I taught myself to can the year that I got divorced. My life felt a bit beyond my control, so I wanted something to do that would provide immediate results and distract me in the evenings after my kids went to bed. Though this skill had always intimidated me, some googling around and a great little book called Food in Jars persuaded me that I could probably manage to learn this skill. So I bought some fruit and some jars, and got to work.
These days, I have a set of shelves in the basement that’s loaded with jams, salsa, and pickles. For me, that stash of deliciousness is plenty of justification for my hobby. But as with my other hobby — knitting — I occasionally run into people who cannot imagine why I’d take the time to can when grocery stores are able to provide me with delicious pickles and preserves for a fraction of the cost. Sometimes I explain myself by handing them a spoon and a jar of homemade jam. Sometimes, though, they need more of an explanation. For those folks, and for other canners who face the same questions, here are some of my answers.
Canning is a consumption good. That doesn’t just mean that I consume the jams and pickles that I can. (Although I do, and they’re yummy!) It means that I take a lot of pleasure in the process of making jam, or in discovering that it’s possible to make pickled summer squash out of the overabundance that appears in my garden every summer. The time spent in the kitchen, canning food, is leisure time for me. I enjoy using it this way. I “consume” my canning time in much the same way that I’d consume time spent at a summer movie or tanning by the pool.
It’s a sign of how wealthy we are as a society that we can think of canning as consumption rather than production.
For thousands of years, preserving food during harvest seasons in order to have it during fallow times was a matter of life and death, not of leisure. Adam Smith knew this would happen. He points out in his Wealth of Nations that “hunting and fishing, the most important employments of mankind in the rude state of society, become in its advanced state their most agreeable amusements, and they pursue for pleasure what they once followed from necessity.” Or, as economist Steve Horwitz has pointed out, “We’re rich enough to play at being poor.” Like knitting, or having backyard chicken coops, or camping, canning food is a pleasure that used to be a necessity.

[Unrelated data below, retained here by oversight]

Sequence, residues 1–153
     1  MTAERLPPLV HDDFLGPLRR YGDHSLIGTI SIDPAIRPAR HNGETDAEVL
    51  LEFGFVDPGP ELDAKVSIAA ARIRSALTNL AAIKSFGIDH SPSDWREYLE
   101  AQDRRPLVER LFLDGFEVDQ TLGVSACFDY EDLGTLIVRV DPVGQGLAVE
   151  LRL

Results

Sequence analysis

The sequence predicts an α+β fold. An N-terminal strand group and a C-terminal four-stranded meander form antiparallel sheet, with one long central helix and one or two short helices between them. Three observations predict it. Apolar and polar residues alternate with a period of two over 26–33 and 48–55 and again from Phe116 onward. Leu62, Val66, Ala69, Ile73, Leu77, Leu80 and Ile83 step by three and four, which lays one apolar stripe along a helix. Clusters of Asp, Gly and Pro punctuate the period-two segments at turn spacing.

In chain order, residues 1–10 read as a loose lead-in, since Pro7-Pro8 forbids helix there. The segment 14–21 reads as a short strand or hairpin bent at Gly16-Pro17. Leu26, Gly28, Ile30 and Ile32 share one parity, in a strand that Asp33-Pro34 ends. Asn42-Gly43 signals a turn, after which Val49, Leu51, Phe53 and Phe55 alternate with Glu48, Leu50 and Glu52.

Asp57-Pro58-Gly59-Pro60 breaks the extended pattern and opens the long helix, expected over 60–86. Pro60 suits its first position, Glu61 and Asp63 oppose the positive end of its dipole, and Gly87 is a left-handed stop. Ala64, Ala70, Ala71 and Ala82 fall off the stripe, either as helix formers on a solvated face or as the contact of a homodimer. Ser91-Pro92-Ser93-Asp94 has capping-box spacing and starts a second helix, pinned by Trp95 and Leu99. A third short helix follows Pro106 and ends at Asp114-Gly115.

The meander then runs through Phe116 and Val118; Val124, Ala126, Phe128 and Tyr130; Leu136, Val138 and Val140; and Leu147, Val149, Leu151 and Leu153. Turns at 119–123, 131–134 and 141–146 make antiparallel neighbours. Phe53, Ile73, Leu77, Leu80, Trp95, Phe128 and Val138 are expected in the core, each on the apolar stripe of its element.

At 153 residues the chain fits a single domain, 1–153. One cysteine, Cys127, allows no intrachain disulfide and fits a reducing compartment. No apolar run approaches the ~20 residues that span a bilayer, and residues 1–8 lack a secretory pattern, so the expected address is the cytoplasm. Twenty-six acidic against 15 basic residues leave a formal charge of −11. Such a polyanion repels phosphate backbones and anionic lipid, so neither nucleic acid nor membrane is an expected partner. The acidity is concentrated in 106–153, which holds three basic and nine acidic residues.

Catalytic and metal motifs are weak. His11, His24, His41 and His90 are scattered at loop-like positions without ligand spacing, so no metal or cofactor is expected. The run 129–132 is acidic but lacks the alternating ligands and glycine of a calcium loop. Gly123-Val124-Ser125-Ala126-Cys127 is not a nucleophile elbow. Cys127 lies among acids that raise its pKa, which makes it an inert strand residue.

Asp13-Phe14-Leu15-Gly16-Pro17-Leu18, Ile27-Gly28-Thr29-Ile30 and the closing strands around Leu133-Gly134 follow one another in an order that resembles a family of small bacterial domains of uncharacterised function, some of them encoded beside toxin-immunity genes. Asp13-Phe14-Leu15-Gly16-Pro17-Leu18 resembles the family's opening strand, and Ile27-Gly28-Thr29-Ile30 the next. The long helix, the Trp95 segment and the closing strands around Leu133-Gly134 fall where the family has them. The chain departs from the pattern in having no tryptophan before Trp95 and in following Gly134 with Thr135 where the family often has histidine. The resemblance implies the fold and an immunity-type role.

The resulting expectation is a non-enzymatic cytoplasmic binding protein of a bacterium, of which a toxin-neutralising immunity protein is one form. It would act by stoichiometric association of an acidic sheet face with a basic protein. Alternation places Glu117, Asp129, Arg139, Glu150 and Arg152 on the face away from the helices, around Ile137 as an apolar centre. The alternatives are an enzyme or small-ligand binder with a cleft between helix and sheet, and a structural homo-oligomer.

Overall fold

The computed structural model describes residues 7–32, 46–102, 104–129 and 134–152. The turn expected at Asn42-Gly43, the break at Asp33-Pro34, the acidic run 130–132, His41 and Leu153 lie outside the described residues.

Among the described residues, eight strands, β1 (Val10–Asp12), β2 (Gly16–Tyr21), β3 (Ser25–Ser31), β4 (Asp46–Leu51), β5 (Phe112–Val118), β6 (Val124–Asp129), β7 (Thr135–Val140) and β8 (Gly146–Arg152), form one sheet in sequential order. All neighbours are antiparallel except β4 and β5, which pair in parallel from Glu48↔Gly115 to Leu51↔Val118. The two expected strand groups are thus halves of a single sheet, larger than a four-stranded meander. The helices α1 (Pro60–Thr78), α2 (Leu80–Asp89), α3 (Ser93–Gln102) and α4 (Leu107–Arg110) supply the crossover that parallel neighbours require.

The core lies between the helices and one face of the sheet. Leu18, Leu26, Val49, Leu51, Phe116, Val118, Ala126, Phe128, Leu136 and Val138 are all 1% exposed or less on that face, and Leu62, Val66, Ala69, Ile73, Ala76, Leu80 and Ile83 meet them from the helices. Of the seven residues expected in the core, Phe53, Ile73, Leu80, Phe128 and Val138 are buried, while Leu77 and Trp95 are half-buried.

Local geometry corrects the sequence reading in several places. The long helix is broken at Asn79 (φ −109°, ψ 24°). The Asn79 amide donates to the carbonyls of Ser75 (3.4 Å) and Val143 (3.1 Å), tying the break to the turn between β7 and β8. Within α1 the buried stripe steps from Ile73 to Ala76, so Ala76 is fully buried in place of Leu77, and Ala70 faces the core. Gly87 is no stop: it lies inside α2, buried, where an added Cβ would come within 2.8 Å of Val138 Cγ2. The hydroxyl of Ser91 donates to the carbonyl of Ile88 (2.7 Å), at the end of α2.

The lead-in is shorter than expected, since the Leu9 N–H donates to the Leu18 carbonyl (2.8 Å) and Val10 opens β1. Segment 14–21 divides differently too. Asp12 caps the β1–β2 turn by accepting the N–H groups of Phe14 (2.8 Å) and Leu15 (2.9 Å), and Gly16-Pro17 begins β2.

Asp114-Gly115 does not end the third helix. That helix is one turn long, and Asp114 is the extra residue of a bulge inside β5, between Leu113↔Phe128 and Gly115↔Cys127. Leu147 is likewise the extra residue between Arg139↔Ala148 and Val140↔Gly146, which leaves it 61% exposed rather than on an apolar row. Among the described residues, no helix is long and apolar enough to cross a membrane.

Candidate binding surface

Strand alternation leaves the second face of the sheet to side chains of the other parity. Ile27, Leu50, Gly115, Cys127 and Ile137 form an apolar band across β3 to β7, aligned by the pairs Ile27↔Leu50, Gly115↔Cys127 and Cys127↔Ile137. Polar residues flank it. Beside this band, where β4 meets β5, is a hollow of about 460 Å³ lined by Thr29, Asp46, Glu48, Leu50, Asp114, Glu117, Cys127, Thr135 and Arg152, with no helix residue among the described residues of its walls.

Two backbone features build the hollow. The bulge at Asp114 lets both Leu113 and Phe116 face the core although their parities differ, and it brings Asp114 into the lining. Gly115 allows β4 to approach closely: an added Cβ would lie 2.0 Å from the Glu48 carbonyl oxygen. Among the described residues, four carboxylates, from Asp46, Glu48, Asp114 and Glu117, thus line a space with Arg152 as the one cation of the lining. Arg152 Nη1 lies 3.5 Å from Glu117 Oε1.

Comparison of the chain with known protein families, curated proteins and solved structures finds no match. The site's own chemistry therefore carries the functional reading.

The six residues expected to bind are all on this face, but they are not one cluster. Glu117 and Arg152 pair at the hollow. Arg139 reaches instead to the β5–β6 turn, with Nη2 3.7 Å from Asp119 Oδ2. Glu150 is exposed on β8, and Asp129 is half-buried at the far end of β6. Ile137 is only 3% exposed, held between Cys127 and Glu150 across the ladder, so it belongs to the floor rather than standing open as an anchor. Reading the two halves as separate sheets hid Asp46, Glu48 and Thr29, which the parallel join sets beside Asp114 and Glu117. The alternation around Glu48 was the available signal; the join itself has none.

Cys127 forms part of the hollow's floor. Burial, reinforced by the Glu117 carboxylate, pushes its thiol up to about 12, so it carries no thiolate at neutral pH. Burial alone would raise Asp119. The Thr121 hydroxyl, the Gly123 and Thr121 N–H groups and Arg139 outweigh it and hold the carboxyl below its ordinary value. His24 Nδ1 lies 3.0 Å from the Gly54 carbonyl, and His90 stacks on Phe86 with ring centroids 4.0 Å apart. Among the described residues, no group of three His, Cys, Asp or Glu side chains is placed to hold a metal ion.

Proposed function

Though I know I’m only doing it for fun (and for an endless supply of jam for my morning toast), I also like the feeling of independence that canning gives me. With fairly regular governmental attempts to crack down on such insidious and detrimental practices as front yard vegetable gardens, rainwater collection, and urban composting, canning my own food at home — especially if I grew it in my own garden — feels just a little rebellious. The liberty revolution won’t plant its flag on a barricade built of pint jars, but it’s fun, every once in a while, to imagine that it might.
While I don’t homeschool, I do appreciate the opportunities that canning has offered for exploring a whole range of intellectual questions and pursuits with my kids. We have learned what makes jam gel and what to do when it doesn’t. We have explored flavors that go together well and badly. We have talked about the fallacy of composition as a way to explain why blueberry jam is great, and dill pickles are great, but blueberry and dill pickle jam is awful. We do math every time we double a recipe or divide our pickling spices among three jars. We talk about the importance of not wasting food, of eating things that are healthy and delicious, and of cooking for people we love.
Canning gives me the chance to nurture the intimate order, the “micro-cosmos” that Hayek contrasted so usefully to the macro-cosmos of the marketplace.
Perhaps most pleasurably, canning gives me the chance to nurture the intimate order, the “micro-cosmos” that Hayek contrasted so usefully to the macro-cosmos of the marketplace. My daughters and I are building memories and creating family stories whenever we preserve food together. I always have a gift on hand to bring to a friend or to a sick neighbor. The girls have apple and honey jam to give their teachers for Rosh Hashanah. And every time we do those things, we strengthen the bonds that make communities worth having.
If you have canned, you know that it takes a surprising amount of fruit to make a fairly small amount of jam. Three pounds of berries and five cups of sugar produce just three small jars. But there’s a lot more in that jar than fruit. And I get a lot more out of it.